Open Source Monitoring: Groundwork 5.2 released, an interview with David Dennis

Groundwork, the provider of the open source based IT management and network monitoring solution, announced at OSBC the availability of GroundWork 5.2, a more scalable and extensible version of the product.

Within the system and network monitoring market the Big 4 (BMC, CA, HP ed IBM) are starting to loose their comparative advantage relative to open source solutions like Groundwork, since open source solutions can provide comparable scalability and distributed deployment options at a smaller cost. On the other hand they are probably retaining a comparative advantage in areas such as multi-OS software deployment systems, asset tracking, demand management, etc.

Considering that IT environments within large organizations run a mix of proprietary and open source software on a variety of platforms, also open source management solutions need to coexist with to support customers’ needs. I asked David Dennis, senior director of product marketing at Groundwork, some more questions about Groundwork’s hybridization strategy and open source projects participation.

How an open source challenger like GroundWork could create a system-wide positive disruption in combination with the entrenched Big 4 players?

GroundWork is able to integrate very well into existing enterprise Big 4 deployments. Customers of GroundWork operate using both GroundWork and closed source applications, allowing operators to continue using processes they are used to, while replacing the costs of licensed agents. When there is little functional difference between open and closed source options, integration frees financial resources to be used on additional initiatives.

The ramifications of this are clear: to gain the greatest benefit from open source disruptive challenges to the Big 4 status quo, savvy IT departments will look for solutions that play nicely with the proprietary systems (that are likely to remain entrenched in the near future), thus creating a positive disruptive benefit to the datacenter as a whole.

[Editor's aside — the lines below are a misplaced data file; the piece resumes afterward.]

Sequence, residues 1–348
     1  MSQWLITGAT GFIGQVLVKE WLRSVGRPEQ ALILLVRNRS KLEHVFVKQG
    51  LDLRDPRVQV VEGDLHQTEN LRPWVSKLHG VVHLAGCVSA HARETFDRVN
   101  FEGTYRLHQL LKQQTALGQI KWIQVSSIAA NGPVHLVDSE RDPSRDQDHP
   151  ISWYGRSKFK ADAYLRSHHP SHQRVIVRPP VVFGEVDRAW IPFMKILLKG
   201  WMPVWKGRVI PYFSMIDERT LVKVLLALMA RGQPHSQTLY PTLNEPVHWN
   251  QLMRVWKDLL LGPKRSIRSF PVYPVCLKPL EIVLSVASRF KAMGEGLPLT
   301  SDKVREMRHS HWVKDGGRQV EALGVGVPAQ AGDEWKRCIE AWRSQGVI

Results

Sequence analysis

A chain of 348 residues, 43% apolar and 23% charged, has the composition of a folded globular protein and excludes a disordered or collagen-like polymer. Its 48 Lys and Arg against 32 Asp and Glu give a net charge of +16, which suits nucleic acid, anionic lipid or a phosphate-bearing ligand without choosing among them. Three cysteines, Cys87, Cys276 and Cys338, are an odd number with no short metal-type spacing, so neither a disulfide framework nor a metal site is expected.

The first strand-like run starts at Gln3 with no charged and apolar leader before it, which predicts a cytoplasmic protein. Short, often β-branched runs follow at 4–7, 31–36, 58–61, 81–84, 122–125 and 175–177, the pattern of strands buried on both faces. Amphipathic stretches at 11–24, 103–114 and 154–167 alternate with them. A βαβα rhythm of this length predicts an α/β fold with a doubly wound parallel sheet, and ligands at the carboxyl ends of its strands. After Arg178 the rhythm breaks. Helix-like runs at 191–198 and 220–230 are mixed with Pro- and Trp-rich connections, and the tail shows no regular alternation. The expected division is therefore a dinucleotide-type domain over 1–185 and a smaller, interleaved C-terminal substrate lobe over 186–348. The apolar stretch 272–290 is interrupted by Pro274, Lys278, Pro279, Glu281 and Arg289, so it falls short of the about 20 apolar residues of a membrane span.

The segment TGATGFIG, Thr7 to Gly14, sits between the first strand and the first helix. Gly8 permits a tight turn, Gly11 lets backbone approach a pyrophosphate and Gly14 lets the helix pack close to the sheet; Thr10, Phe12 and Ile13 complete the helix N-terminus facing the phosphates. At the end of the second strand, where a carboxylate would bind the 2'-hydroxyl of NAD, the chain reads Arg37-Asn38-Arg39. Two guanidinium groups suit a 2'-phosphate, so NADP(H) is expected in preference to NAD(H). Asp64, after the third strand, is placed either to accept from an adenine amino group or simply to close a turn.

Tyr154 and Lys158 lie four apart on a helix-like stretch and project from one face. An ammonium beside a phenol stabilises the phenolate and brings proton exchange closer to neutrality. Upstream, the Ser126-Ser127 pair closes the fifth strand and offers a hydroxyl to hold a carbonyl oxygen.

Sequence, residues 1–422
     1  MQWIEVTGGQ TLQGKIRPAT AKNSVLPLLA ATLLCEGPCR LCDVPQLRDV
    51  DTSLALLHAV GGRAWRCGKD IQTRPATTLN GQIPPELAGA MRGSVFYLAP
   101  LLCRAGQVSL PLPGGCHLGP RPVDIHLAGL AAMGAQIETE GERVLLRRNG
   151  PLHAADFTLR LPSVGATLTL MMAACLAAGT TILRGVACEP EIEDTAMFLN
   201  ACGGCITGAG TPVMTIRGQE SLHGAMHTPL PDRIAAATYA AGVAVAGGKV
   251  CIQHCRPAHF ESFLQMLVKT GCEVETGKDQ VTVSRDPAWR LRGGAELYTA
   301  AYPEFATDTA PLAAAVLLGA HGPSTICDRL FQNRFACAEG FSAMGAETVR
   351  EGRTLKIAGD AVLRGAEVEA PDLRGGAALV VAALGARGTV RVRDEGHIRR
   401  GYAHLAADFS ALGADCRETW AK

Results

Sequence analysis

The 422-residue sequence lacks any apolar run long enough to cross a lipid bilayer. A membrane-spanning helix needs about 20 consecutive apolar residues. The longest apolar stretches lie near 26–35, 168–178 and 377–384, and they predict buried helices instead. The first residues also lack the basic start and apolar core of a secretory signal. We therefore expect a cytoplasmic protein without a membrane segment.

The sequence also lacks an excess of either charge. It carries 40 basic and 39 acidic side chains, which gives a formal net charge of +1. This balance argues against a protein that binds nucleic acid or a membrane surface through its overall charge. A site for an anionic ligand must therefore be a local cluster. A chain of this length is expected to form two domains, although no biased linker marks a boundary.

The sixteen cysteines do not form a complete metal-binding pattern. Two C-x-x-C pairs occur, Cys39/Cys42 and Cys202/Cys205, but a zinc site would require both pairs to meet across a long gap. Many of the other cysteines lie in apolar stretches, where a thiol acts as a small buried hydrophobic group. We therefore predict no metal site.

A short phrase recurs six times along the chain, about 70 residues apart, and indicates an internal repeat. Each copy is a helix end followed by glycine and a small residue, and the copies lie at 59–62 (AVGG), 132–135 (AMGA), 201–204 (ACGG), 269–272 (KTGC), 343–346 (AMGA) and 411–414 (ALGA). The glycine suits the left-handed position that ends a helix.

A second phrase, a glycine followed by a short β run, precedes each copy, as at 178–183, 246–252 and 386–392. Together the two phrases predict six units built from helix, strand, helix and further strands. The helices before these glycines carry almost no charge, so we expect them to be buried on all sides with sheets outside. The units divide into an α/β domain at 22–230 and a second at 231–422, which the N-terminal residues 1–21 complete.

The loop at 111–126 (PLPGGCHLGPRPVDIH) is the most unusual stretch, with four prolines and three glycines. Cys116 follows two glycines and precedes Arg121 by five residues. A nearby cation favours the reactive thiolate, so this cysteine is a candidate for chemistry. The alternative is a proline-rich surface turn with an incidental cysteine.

Groundwork put together at work many open source projects (among others Ganglia, Nagios, Cacti, NeDi, php-Weathermap, Sendpage, RRDtool Nmap and many more). How are you perceived by those communities and at which extent do you participate to those projects?

Here are examples of components we’ve contributed back to the community:

Nagios scalability improvements that dramatically increase Nagios capacity.

NSCAfe Forwarding Engine: an improvement on (Nagios) NSCA engine to support large installations.

HP OpenView Feeder: Displays output from GroundWork Monitor in OV.

WMI Plug-ins: Enables monitoring of Windows devices and services.

Ganglia plug-in module: alllows Ganglia data to be fed into Nagios for alerting.

We support the communities of the individual projects that GroundWork Monitor is composed of. We have sponsored and host the project team meetings (“Project in Residence” events): we’ve done this for Cacti
and Ganglia.

We convene a Project Lead Council where the Project Leads get to meet and share ideas. Out of these meetings, we’ve had these successes that benefit the broader community of open source IT monitoring users.

Sometimes we act as a ‘broker’ between projects. For example,Matt Massie of Ganglia talked to Tobi Oetiker of RRDtool about making changes to RRDtool that made Ganglia more efficient. Also, Remo Rickli of NeDi added
php-Weathermap integration, developed by Howard Jones. Kees Cook added SMS messaging capability to SendPage as a result of one our Council meetings.

Groundwork _Enterprise_ is a proprietary software solution based on many open source projects, and while is not leading any of them it is engaged in the coordination of some inter-projects collaborations, an interesting form of lucrative coopetition.

Still an open source firm, in my opinion, an interesting one.

Technorati Tags: commercial open source, groundwork, ganglia, RRDtool, nagios, cacti, nedi, lucative coopetition, open source monitoring

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